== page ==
What cause, then, is left to this first generation of the 21st century, these well endowed ‘rebels’ but to walk the streets each night, without even a predetermined course, safely escorted by police, and accompanied by their own ‘marching band.’ Quite a legacy, indeed.

“And that’s all I have to say about Vietnam,” Forrest Gump, 1994

–Just My Two Sense

[Previously on this Topic]

Father No Longer Knows Best

by Jersey Joe

On Monday, May 14, Line Beauchamp stepped down as Education Minister of Quebec. Not only did she leave the cabinet, she announced that she is leaving the National Assembly. As the student led protests continue with no end in sight, Ms. Beauchamp had come to symbolize the frustration on the part of the government in dealing with the so-called crisis. In her resignation announcement she appeared tired, drawn, frustrated and isolated. In effect she appeared like a mother, a mother whose children have misbehaved and she is at her wits end trying to come up with an effective action.  Meanwhile, dear old Dad, M. Charest stood behind her, right behind her, silently, but seemingly in sympathy. Had the TV screen been in black and white, they would have appeared to be a typical couple of the 1950’s. Maybe that’s why this has dragged on for so long.

The quintessential moment for this 50’s couple came when Dad left Mom to deal with the kids while he ‘wasted away in Victoriaville.’ While he and his cronies were ‘doing God knows what with Gods knows whom,’ the town did get trashed after all, poor Mom was left to listen to the kids complains for the weekend. To her credit, Ms. Beauchamp patiently listened, explained and seemed to come up with a ‘deal’ which would bring the dysfunctional family of Quebec back to its senses. No sooner had this happened then Dad, in typical male macho fashion took credit and crowed just a little bit, and a little bit too soon. Before they know what happened the kids spoke ‘with their friends’ who clued them in and, poof, the deal went ‘up in smoke.’

At this point, poor Mom saw no other choice but to throw up her hands and turn things over to Dad, as in, “I’m going to my mother’s. You deal with them.” Who can blame her? So far Dad has, in effect, asked his mother for help, in the form of former Education Minister Michelle Courchesne. Reports now suggested that M. Charest is going to resort to another 50’s tactic, ‘laying down the law’ [un loi spéciale.] The now tabled legislation would temporarily halt the spring semester for the minority of faculties paralyzed by the strikes, push up the summer holidays, and reconvene students in August so they can complete their spring session before starting the fall one in October. Again, a tactic straight out of the Fifties, punish everyone because someone, OK more than someone, is misbehaving. Only the ‘good kids’ will suffer.

It is not surprising that M. Charest is helping Quebec to relive the Fabulous Fifties, as he and his beleaguered government has been struggling against ‘modern organization’ which help to keep the province Quebec mired in a ‘not to be forgotten,’ or forgiven,  age. The Parti Québécois  and its separatist supporters have been trying to right the wrongs of the Fifties, too bad it’s the 1750’, with their ‘Je me souviens’ on the license plates a constant reminder of who lost on the Plains of Abraham a mere 250 years ago. Meanwhile the Société Saint- Jean- Baptiste is obsessed with keeping the face of Quebec French, as if there are any English signs left. And on the off chance should anyone scrawl any English words, there is the Office québécois de la langue française to erase them. Both of these are remnants of what might have been just causes in the 1950’s but are truly of no relevance now.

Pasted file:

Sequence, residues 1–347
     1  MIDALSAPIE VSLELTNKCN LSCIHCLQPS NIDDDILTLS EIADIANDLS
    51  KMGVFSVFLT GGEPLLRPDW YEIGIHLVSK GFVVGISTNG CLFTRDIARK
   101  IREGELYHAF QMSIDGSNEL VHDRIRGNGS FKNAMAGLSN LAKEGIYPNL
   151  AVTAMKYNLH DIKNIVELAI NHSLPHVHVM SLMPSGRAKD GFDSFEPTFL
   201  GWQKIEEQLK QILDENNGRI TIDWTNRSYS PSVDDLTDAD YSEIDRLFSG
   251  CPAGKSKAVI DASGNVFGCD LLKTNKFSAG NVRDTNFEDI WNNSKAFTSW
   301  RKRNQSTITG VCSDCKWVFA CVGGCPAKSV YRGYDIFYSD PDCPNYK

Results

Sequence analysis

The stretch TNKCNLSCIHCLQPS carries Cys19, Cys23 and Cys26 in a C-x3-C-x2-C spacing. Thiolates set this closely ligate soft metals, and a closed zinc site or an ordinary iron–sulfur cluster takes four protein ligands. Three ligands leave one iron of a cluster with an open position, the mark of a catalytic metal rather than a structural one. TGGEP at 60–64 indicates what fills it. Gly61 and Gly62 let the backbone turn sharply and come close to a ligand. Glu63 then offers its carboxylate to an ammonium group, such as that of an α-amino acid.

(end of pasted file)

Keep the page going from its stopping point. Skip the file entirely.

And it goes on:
Quebec and its organizations, then, are using tactics that might have been effective half a century ago on the children of that bygone era. Is it any wonder that these ‘new kids in the streets,’ the kids of the 21st century are in no way responsive to, or impressed by these outdated and antiquated tactics?

[Why that is will be dealt with in a future post, Leave it to Beaver to Wreck the City]

–Just My Two Sense

[Previously on this Topic]

[Next on this Topic]
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One Cheap Trick deserves another

Put the End In Sight

– by Jersey Joe

What with the rumored or alleged deal between the Quebec Government and the protesting students falling apart as I write, CTV News Noon, the question becomes where to from here?

Back in the early days of my teaching career I quickly came to learn one thing. If there was something going on in my classroom that I did not like, ignoring it, hoping it would stop, letting it go till it somehow wore itself out, was NOT an option. After three months of student unrest here in Quebec, it is time the Liberal government of Premier Jean Charest took time to take a lesson from the old teacher. That is, of course, if they do NOT like what has been going on. And it is time that they took some action to preserve the democratic rights of the most overlooked group in all of this- those students who want to go to school, finish their year and get on with their lives.

In 1972 when a Common Front Strike, which included the provinces teachers, went on for too long, the then Liberal Government of Robert Bourassa decreed the strike to an end and also imposed a contract on the groups involved. These same Liberals would lose the next election in historic fashion to the PQ in 1976. Lest anyone think this is a Liberal phenomenon, in 1983 the Parti Québécois government of René Lévesque forced the Common Front back to work, imposed the infamous 20-20 loss on the workers and wondered why it lost the next election. One can understand, then, why this Liberal government might hesitate to take similar action here. Nor does is seem feasible to legislate the students back to school, since the protesting ones have shown so little regard for law and/or order to date.